Royal Caribbean May Be Taking On Waterby
Cheers rang out and fireworks popped as Queen Sonja of Norway smashed a huge bottle of champagne against the hull of Royal Caribbean Cruises Ltd.'s newest and biggest ship, the 2,300-passenger Majesty of the Seas. The recent christening of RCC's third megaship to ply the Caribbean went off without a hitch.
Little else has gone so well lately for the Miami-based cruise line. First, in December, 1990, a shipyard fire damaged the Monarch, a Royal Caribbean ship under construction. Then, Royal Caribbean made a mere $4.3 million on revenues of $760 million in 1991, according to financial statements it filed in preparation for a sale of $125 million in bonds. Once they're sold, long-term debt of $1.1 billion will make up 73% of total capitalization. Debt service is eating away at the bottom line. Added competition will nibble more: The Majesty of the Seas is steaming straight into a projected 11.5% increase in cruise-ship capacity in 1992. Including the Majesty, 12 new ships and 11,000 new berths are scheduled to enter service this year.
Royal Caribbean's owners say they're not worried. Co-founder Arne Wilhelmsen points out that in a year marred by the recession, the gulf war, and the aftermath of the Monarch fire, RCC still posted a profit. But with 50% of the company held in a partnership controlled by Chicago's Pritzker family, Wilhelmsen has other investors to consider. Jay A. Pritzker, the family's dealmaker, says he hasn't lost patience. "I would have liked it to have been better, of course," he says. "It's not a slam dunk, but they're doing well."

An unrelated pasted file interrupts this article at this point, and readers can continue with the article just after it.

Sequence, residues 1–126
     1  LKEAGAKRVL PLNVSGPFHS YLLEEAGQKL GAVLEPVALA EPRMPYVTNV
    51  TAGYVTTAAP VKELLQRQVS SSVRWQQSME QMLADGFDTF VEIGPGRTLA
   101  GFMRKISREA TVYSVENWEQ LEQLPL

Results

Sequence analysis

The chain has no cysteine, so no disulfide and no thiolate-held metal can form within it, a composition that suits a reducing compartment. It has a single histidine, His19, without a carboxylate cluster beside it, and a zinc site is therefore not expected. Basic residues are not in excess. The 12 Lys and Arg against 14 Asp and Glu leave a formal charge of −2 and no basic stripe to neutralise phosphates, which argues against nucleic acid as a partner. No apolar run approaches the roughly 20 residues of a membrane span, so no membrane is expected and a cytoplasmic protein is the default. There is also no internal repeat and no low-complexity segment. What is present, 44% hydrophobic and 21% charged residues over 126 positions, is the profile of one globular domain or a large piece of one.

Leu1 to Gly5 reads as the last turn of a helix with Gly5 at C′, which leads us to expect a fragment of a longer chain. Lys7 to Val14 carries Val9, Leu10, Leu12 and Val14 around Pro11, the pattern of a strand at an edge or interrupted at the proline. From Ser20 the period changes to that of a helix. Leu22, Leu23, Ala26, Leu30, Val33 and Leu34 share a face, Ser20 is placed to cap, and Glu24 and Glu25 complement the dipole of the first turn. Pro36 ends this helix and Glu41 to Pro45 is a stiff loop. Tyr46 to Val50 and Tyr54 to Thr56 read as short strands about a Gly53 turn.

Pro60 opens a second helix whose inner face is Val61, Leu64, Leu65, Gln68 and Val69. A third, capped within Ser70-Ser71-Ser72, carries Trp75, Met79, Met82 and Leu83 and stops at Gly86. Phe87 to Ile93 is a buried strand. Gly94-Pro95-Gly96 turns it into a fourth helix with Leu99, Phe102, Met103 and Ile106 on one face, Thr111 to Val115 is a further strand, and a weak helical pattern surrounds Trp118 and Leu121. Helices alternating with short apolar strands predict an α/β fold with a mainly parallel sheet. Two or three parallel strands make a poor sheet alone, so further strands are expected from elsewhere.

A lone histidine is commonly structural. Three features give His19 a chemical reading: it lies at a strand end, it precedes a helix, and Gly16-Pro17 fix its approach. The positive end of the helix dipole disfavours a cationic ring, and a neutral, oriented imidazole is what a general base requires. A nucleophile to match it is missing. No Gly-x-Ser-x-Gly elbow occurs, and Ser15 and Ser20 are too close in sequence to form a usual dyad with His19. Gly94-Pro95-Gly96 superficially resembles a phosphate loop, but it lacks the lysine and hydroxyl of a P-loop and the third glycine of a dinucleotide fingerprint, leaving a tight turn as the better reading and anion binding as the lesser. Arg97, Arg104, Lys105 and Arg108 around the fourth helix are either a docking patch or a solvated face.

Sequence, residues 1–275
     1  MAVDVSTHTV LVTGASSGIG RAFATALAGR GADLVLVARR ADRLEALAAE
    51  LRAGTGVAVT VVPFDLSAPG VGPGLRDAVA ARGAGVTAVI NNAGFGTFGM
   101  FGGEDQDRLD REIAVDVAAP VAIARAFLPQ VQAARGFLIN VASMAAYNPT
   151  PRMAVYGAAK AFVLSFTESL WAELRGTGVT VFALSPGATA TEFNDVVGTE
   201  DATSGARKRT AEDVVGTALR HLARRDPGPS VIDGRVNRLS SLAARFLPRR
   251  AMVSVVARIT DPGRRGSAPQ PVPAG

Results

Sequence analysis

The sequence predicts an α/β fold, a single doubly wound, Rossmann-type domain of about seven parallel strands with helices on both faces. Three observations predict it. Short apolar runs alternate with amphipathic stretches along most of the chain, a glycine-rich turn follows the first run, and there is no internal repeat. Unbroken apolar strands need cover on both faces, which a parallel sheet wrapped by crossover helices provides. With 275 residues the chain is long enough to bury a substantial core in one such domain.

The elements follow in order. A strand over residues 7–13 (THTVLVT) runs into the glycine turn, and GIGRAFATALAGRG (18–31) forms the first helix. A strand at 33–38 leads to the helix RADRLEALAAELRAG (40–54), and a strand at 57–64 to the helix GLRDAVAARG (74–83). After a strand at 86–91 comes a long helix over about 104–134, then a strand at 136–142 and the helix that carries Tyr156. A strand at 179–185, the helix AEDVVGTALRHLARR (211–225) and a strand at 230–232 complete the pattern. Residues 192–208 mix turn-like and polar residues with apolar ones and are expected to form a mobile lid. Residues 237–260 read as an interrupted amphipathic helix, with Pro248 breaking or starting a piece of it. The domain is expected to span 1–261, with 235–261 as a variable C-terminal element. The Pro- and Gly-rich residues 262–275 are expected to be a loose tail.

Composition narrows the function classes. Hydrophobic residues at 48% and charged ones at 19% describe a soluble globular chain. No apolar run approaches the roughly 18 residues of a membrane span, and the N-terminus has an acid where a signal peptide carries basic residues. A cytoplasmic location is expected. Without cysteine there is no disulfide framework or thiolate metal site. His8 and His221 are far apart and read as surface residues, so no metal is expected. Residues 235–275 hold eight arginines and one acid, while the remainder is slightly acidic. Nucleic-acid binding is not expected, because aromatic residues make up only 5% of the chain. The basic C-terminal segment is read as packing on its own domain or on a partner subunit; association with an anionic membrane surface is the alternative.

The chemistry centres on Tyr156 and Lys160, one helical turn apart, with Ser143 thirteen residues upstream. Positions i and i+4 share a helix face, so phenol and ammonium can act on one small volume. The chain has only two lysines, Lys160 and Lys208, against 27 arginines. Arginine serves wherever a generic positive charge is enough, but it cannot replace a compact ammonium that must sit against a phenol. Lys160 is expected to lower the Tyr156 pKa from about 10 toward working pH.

RCC's rivals aren't as generous. "We were surprised" by the weak results, says Carnival Cruise Lines Inc. Chairman Micky Arison. His company did far better, earning $85 million on $1.4 billion in revenues in 1991. Says analyst Michael Mueller of Montgomery Securities: "Carnival is the low-cost producer and in this recession has done significantly better than its competitors."
MASS APPEAL. Carnival's marketing may be the key difference. Its "Fun Ships" carry the masses, while its Holland America Line Inc. handles the upscale crowd. RCC seems to want the best of both worlds--its single brand targets the upper end of the volume market. But as Robert H. Dickinson, Carnival's senior vice-president for marketing, notes, Royal Caribbean keeps its ships full only through mass-market pricing. As Dickinson puts it: "Palm Springs is looking more like Las Vegas, but they're still sending the Palm Springs message."
RCC Chairman Richard D. Fain defends his strategy. "I see absolutely no contradiction in appealing to the volume market and yet saying we are providing a quality product at a low price," he says. But Pritzker concedes that RCC faces the same conundrum as another of the family's big holdings, Hyatt Hotels Corp.: convincing consumers that a slightly higher price buys a big jump in quality.
That might be an easier message to send this year. James Parker, an analyst at Robinson-Humphrey Co. in Atlanta, expects that increased vacation spending in 1992 will keep the new boats full, though price competition will keep a lid on industry yields. Profits still may get a lift, because passenger volume should increase more than overhead.
RCC sorely needs a good year. Its interest expense added up to $59 million in 1991, and the nut is even bigger this year: More than $134 million in principal and interest payments come due. Debt coverage "looks a little skinny," analyst Peter R. McMullin of Southeast Research Partners observes.
That's why RCC is mulling a public stock offering this year. "The purpose would be to reduce leverage, not for any of us to bail out," says Pritzker. Still, the Pritzkers, whose name is synonymous with smart money, don't plan to take more of the action for themselves.